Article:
Cabalistic writer; author, or redactor, of the Zohar; born at Leon, Spain, about 1250; lived in Guadalajara, Valladolid, and Avila; died at Arevalo in 1305, while returning to his home. He was familiar with the philosophers of the Middle Ages and with the whole literature of mysticism, and knew and used the writings of Solomon ibn Gabirol, Judah ha-Levi, Maimonides, etc. He knew how to charm with brilliant and striking phrases without expressing any well-defined thought. He was a ready writer and wrote several mystical and cabalistic works in quick succession. In the comprehensive "Sefer ha-Rimmon," written in 1287 and still extant in manuscript, he treated from a mystical standpoint the objects and reasons for the ritual laws, dedicating the book to Levi ben Todros Abulafia. In 1290 he wrote "Ha-Nefesh ha-Ḥakamah," or "Ha-Mishḳal" (Basel, 1608, and frequently found in manuscript), which shows even greater cabalistic tendencies. In this work he attacks the philosophers of religion and deals with the human soul as "a likeness of its heavenly prototype," with its state after death, with its resurrection, and with the transmigration of souls. "Sheḳel ha-Ḳodesh" (written in 1292), another book of the same kind, is dedicated to Todros ha-Levi Abulafia. In the "Mishkan ha-'Edut," or "Sefer ha-Sodot," finished in 1293, he treats of heaven and hell, after the apocryphal Book of Enoch; also of atonement. He wrote as well a cabalistic explanation of the first chapter of Ezekiel.

Toward the end of the thirteenth century Moses de Leon wrote or compiled a cabalistic midrash to the Pentateuch full of strange mystic allegories, and ascribed it to Simeon ben Yoḥai, the great saint of the Tannaim. The work, written in peculiar Aramaic, is entitled "Midrash de R. Shimeon ben Yoḥai," better known as the Zohar. The book aroused due suspicion at the outset. The story runs that after the death of Moses de Leon a rich man from Avila offered the widow, who had been left without means, a large sum of money for the original from which her husband had made the copy, and that she then confessed that her husband himself was the author of the work. She had asked him several times, she said, why he had put his teachings into the mouth of another, but he had always answered that doctrines put into the mouth of the miracle-working Simeon ben Yoḥai would be a rich source of profit. Others believed that Moses de Leon wrote the book by the magic power of the Holy Name. At any rate the contents of the book have been accepted and approved by all cabalists, and can by no means be regarded as mere inventions and forgeries of Moses de Leon.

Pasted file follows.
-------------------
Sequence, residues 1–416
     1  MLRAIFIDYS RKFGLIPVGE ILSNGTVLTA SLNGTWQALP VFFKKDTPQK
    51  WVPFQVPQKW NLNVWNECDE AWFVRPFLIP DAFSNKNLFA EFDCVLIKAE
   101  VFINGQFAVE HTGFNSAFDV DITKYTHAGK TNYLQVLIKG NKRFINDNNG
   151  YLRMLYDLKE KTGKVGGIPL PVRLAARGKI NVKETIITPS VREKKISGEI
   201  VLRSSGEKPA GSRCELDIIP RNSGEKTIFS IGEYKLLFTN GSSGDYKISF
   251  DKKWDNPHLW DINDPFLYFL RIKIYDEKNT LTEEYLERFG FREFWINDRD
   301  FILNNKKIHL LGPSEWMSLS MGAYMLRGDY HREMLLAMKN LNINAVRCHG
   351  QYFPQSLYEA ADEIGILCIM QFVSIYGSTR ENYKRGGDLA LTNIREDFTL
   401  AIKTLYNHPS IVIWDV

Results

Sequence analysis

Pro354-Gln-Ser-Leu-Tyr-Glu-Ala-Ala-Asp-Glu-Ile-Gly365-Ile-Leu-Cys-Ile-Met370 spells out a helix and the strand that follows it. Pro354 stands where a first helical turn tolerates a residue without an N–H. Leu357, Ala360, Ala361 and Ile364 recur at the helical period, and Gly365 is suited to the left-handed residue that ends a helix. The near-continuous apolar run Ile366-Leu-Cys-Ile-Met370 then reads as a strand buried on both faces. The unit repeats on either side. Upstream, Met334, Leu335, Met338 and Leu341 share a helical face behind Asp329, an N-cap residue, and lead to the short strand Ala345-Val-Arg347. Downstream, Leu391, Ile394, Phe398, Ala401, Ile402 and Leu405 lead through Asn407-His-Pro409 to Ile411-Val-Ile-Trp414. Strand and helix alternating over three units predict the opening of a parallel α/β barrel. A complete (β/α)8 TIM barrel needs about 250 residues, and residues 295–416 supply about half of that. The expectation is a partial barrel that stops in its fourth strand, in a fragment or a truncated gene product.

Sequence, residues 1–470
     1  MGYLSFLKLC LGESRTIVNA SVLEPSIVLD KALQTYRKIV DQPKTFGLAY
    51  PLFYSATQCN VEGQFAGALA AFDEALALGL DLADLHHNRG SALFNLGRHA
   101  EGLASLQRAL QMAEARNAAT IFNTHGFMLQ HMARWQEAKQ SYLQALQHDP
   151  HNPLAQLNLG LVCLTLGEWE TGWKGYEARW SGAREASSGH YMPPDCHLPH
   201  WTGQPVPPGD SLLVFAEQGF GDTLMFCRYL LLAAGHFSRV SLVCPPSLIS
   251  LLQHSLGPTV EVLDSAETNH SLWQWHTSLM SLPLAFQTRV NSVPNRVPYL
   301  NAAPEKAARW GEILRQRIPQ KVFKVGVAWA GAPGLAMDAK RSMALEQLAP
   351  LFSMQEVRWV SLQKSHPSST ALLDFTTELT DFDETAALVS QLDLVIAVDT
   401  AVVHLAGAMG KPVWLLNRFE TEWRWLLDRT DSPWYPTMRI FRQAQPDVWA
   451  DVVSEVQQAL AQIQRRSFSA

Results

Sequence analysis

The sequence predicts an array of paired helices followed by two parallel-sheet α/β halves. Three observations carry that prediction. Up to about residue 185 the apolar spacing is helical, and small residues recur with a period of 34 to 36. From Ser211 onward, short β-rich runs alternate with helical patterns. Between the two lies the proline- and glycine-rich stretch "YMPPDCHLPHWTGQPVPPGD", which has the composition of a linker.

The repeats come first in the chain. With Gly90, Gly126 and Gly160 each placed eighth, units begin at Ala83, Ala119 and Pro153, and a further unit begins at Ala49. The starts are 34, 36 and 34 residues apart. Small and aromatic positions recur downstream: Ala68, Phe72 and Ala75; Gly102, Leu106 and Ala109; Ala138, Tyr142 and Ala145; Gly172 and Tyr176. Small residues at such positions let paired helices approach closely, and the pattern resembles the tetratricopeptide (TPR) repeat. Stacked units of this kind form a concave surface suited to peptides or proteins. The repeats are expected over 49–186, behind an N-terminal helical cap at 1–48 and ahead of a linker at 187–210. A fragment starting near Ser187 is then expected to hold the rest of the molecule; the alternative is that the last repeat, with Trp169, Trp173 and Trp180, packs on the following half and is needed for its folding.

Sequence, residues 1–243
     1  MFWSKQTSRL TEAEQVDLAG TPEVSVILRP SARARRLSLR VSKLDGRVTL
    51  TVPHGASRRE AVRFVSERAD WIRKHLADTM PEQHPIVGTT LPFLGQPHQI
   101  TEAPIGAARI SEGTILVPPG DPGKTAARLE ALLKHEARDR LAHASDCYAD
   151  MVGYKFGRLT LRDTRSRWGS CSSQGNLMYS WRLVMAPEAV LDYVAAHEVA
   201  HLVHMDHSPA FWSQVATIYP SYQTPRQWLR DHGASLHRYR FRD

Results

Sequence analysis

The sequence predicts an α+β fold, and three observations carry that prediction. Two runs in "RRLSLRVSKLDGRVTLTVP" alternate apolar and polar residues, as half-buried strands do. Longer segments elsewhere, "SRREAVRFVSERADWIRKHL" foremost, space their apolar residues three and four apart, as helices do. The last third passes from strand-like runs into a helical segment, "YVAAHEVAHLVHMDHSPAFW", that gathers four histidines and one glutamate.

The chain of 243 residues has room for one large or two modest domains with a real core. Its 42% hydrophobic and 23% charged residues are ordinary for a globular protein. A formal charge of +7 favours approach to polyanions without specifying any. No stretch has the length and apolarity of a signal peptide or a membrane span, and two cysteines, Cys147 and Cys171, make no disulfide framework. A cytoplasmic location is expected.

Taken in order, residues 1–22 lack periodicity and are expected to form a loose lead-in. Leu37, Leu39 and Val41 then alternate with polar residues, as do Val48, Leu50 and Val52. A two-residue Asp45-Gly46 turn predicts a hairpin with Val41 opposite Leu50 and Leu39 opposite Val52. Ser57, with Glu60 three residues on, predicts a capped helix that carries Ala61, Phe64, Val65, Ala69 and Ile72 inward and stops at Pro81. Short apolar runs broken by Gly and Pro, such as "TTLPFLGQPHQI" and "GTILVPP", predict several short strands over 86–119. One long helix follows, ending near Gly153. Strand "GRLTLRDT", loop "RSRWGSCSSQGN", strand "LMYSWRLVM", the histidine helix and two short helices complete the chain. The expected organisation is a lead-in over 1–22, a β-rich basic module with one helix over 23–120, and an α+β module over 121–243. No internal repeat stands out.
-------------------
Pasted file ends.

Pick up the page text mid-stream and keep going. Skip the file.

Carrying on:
• Ahimaaz Chronicle, ed. London, pp. 95 et seq.;
  • Jellinek, Moses b. Schem-Tob de Leon und Seine Verhältniss zum Sohar, Leipsic, 1851;
  • Grätz, Gesch. vii. 231 et seq.;
  • Geiger, Das Judenthum und Seine Geschichte, iii. 75 et seq., Breslau, 1871;
  • De Rossi-Hamberger, Hist. Wörterb. p. 177;
  • Steinschneider, Cat. Bodl. cols. 1852 et seq.;
  • idem, Hebr. Bibl. x. 156 et seq.
K. M. K.
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